Saturday, 9 May 2009
Chilli Cool, Bloomsbury
I have been a fan of Szechuan cuisine since my visit to Bar Shu all the way back in March 2007, and yet for some reason hadn't had the opportunity to follow up the experience until a couple of weeks ago. The novelty of the new was enough to make me overlook some of the more lackluster parts of the meal in Soho, but what was good was very good indeed, and the memory of the first hit of those Szechuan peppers will stay with me forever. Chilli Cool (stupid name I know - apparently it sounds a lot nicer in Mandarin) sits just a few doors down from the Black Books bookshop in Bloomsbury, and by all accounts is cheaper, better and more authentic - largely, I'm guessing, because it's not in Soho.
The menu is excitingly offal-heavy. Along with Szechuan classics like "man and wife offal slices" and "devil-exploded kidneys" were a range of dishes involving every part of pig and cow, charmingly literally translated with no concessions to delicate English ears. "Beef slices and ox tripe in chilli oil" was packed full of flavour and with cleverly and tenderly cooked tripe giving a gelatinous contrast to the rougher beef slices. And by far my favourite plate of food was a superb "hot and crispy pigs intestines", which instead of gloopy chitterlings was in fact varying in texture between moist parcels of pork fat encased in crispy membrane, to crunchy nuggets of pork scratching, all doused in a fiery pepper and chilli sauce. You didn't know exactly what kind of meat you'd got until it was in your mouth and it was either crunchily dissolving or melting with fat - great fun.
Along with some raw shredded potato, which were nice enough, arrived a huge hot pot of grouper fish and chilli, the fish being cooked perfectly and the broth spicy and rich. It's not for the faint-hearted, this food - the spicing is aggressive, the flavours occasionally overwhelming and the cuts of meat uncompromisingly bold and unusual. But it is a style of cuisine that we deserve to see a lot more of, because when it's done well, as at Chilli Cool, the results are spectacular. The only thing I can't recommend about Chilli Cool, which won't surprise anyone who's ever eaten at a Chinese restaurant in London, is the service. After repeatedly asking for the bill I resorted to standing over the guys at the till until they typed our menu out and gave me the receipt. It was wrong.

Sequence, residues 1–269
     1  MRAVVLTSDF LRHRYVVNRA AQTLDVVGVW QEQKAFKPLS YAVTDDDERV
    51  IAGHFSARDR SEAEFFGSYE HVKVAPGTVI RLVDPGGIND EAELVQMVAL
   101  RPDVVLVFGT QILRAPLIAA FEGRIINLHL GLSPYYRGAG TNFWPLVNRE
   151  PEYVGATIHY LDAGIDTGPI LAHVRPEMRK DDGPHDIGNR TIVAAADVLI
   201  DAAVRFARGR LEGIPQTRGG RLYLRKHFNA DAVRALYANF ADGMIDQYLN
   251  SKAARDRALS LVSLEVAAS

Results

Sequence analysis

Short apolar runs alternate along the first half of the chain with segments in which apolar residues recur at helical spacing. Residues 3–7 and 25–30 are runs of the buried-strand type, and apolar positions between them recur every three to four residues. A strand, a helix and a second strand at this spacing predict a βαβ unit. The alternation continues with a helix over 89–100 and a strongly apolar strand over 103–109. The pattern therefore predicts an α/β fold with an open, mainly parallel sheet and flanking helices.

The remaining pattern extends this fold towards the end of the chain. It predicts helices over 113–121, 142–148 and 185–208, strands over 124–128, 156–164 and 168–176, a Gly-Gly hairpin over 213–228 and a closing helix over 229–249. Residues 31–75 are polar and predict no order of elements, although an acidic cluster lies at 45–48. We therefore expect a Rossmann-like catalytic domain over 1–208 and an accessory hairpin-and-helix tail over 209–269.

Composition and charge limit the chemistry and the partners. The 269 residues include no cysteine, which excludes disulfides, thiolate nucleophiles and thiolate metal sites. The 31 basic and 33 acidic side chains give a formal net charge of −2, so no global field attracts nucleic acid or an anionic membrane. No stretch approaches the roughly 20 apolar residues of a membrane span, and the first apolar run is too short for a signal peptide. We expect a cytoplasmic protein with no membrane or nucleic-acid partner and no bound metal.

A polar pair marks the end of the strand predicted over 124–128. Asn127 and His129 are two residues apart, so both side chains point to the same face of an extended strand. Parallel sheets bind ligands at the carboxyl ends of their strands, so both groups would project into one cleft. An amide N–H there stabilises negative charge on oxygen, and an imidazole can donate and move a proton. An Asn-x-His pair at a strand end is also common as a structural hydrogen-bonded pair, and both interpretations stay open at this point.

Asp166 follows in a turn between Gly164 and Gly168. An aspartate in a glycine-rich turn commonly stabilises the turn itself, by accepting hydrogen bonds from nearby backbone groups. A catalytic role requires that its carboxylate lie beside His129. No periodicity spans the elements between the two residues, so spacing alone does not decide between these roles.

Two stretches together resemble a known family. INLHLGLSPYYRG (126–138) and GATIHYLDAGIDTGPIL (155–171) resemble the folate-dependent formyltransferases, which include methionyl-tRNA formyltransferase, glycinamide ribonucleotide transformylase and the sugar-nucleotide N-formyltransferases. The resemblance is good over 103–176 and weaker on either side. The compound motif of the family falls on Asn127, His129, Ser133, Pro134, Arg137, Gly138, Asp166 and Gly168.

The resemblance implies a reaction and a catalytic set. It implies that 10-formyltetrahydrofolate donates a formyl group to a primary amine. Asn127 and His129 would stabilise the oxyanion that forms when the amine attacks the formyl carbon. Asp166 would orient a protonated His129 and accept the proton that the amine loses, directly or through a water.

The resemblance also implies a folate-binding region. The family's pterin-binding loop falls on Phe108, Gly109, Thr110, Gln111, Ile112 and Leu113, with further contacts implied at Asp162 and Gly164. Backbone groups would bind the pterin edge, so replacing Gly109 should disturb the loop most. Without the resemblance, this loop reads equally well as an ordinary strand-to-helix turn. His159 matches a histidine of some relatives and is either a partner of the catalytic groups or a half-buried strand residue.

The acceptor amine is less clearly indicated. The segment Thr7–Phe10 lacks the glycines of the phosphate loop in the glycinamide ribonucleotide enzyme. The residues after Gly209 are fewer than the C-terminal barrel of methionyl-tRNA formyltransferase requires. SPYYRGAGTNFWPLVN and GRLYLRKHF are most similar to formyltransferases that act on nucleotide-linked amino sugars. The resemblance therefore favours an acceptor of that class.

Eventually we did manage to sort out the bill, which came to just less than £20 each with plenty of alcohol - pretty much a bargain. Sloppy service has become just as much of the experience in Chinese restaurants as the old-woman's pock-marked bean curd, so it was hardly commented upon that evening by anyone in our party. Certainly judging by the lack of empty tables and the buzzy atmosphere of a restaurant that is confidently and consistently churning out some of the best Szechuan food in London, nobody else cares either.